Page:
A Boost for Heritage Crafts Skills in Bolton
Six individuals have been selected for the All Souls, Bolton heritage conservation bursary placements, part of the projects training, outreach and education programme.
The regeneration of All Souls church has begun, turning this historic building into a modern, multi-purpose space for the local community and people of Bolton. As well as extensive conservation work, innovative new structures in the form of pods will be positioned inside the church creating "a building within a building" to house modern facilities. The construction work is being led by Walter Carefoot & Sons, supported by the conservation and restoration specialists Lambert Walker.
Part of this exciting project is to encourage and develop an interest in traditional craft skills.‹ÛÛ There are six paid training placements being offered on the project, funded by the National Heritage Training Groups (NHTG) ‘Building Traditional Skills’ - a Heritage Lottery Funded programme:
- Heritage Glazing - one placement which will be based both on site and is a workshop repairing the plain and stained glass windows.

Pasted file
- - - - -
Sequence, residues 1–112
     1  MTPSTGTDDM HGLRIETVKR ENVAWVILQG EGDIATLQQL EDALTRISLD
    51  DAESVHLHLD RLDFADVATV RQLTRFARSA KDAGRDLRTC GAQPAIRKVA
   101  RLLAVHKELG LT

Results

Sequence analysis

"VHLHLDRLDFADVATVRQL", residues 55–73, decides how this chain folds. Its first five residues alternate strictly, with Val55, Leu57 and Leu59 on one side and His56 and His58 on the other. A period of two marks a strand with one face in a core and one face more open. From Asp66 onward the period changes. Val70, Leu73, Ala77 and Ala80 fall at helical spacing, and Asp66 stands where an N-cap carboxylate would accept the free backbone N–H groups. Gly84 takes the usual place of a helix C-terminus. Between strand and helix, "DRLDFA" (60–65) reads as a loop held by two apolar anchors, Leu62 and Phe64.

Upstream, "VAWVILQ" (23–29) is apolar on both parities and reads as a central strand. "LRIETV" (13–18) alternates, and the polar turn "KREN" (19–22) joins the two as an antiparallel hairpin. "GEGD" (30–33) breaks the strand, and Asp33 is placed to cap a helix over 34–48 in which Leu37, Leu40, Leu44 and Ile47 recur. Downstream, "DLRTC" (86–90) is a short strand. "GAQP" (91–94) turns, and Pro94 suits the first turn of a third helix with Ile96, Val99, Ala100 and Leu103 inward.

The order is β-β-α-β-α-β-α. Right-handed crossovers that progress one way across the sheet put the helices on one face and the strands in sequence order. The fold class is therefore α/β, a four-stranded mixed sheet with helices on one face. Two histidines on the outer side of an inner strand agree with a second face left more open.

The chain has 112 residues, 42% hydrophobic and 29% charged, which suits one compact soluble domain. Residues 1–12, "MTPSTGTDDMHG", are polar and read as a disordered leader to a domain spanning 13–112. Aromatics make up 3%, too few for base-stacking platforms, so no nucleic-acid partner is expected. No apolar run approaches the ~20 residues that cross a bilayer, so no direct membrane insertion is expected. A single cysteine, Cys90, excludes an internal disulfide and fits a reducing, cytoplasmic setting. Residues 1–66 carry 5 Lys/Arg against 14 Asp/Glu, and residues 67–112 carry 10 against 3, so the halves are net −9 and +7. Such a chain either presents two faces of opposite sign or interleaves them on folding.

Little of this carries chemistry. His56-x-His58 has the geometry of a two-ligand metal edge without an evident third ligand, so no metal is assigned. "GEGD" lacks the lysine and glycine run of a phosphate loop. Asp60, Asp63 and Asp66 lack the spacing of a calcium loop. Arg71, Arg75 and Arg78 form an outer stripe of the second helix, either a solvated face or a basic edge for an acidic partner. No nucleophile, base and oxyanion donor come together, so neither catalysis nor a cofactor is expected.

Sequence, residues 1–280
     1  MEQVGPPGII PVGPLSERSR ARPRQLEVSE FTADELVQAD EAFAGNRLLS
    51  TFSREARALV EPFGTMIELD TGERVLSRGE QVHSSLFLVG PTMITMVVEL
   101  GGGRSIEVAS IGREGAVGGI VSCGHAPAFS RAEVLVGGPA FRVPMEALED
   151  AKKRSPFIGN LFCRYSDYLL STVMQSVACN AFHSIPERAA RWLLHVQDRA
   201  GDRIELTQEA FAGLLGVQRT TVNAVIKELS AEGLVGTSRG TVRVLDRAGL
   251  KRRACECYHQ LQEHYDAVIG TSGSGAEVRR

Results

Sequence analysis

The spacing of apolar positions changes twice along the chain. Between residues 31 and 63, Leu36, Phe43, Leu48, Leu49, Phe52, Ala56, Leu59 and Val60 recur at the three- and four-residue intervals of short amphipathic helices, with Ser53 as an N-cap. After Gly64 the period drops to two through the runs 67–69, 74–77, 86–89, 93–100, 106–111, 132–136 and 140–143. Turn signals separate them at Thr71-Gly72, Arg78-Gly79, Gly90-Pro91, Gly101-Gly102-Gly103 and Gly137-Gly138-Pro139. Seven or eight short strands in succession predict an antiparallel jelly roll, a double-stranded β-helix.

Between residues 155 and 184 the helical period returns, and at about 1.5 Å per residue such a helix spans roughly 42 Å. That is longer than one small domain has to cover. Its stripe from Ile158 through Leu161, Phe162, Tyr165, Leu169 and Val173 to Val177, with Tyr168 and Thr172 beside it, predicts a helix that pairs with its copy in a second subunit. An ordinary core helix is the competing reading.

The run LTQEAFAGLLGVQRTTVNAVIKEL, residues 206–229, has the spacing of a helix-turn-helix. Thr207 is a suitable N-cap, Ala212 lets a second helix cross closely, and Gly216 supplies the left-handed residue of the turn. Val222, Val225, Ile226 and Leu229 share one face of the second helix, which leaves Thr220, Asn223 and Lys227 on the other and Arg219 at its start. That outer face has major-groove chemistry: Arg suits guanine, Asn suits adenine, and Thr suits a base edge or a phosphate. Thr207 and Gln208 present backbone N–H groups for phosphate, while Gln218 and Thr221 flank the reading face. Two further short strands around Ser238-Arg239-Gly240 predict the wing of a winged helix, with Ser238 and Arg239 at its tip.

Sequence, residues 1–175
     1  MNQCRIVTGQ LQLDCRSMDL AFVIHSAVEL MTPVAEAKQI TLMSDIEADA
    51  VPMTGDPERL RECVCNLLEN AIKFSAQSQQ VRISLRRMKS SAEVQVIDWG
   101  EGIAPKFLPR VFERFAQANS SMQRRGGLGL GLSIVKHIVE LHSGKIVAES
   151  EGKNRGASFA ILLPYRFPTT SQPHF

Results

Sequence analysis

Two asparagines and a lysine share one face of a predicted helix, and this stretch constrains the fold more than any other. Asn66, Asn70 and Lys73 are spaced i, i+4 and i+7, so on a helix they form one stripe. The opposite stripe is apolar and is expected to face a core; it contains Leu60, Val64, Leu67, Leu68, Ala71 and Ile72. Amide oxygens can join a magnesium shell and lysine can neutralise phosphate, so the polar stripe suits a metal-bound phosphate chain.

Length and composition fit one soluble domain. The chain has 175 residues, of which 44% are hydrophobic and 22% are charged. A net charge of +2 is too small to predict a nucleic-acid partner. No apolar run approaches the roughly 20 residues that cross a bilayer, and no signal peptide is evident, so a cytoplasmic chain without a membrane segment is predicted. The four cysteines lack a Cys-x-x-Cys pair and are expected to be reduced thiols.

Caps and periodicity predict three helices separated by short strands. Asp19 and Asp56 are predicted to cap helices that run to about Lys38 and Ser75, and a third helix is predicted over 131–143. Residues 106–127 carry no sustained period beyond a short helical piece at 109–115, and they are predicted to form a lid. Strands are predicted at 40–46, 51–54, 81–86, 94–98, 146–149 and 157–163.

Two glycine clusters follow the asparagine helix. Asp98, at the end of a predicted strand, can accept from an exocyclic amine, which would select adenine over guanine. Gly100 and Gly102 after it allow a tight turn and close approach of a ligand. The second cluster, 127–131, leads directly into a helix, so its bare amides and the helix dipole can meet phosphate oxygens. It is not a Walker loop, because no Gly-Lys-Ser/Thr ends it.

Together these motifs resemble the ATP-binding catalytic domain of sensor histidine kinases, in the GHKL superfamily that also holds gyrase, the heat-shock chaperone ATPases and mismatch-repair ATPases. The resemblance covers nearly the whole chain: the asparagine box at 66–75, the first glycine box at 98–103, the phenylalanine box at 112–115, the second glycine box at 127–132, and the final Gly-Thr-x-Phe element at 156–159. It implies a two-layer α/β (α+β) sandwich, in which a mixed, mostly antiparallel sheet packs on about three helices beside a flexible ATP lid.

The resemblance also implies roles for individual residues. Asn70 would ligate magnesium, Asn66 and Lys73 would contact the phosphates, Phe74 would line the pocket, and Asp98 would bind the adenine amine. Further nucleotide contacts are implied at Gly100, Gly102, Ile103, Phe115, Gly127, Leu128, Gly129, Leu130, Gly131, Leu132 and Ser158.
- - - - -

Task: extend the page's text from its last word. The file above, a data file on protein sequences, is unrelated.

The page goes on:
- Heritage Masonry - three placements which will provide training on the repairs to the buildings brick and stone structure.
- Heritage Roofing - two roofing placements which will combine the excitement of working at height with the satisfaction of repairing one of the most important components of the building.
This opportunity for craft skills training is something we wanted to encourage the local community to get involved with, especially the surrounding Black Minority Ethnic (BME) group. Five out of the six selected for the placements are locally situated to All Souls - with one almost on the door step. The placements vary in age, from under 20 to over 50, and have been successful in accessing hard to reach groups.
Having had over 50 people apply for the bursary placements, the selection processes was a hard job for Lambert Walker, NHTG and Alan Gardner (historic buildings and traditional materials consultant).‹ÛÛ The lucky six begin their placements this month and run to February 2014.
This pioneering step for The Churches Conservation Trust (CCT) is an experiment into how we procure craft skills training. By the end of it, we hope to have a body of research, which will help us structure craft skills training as an essential part of our future projects.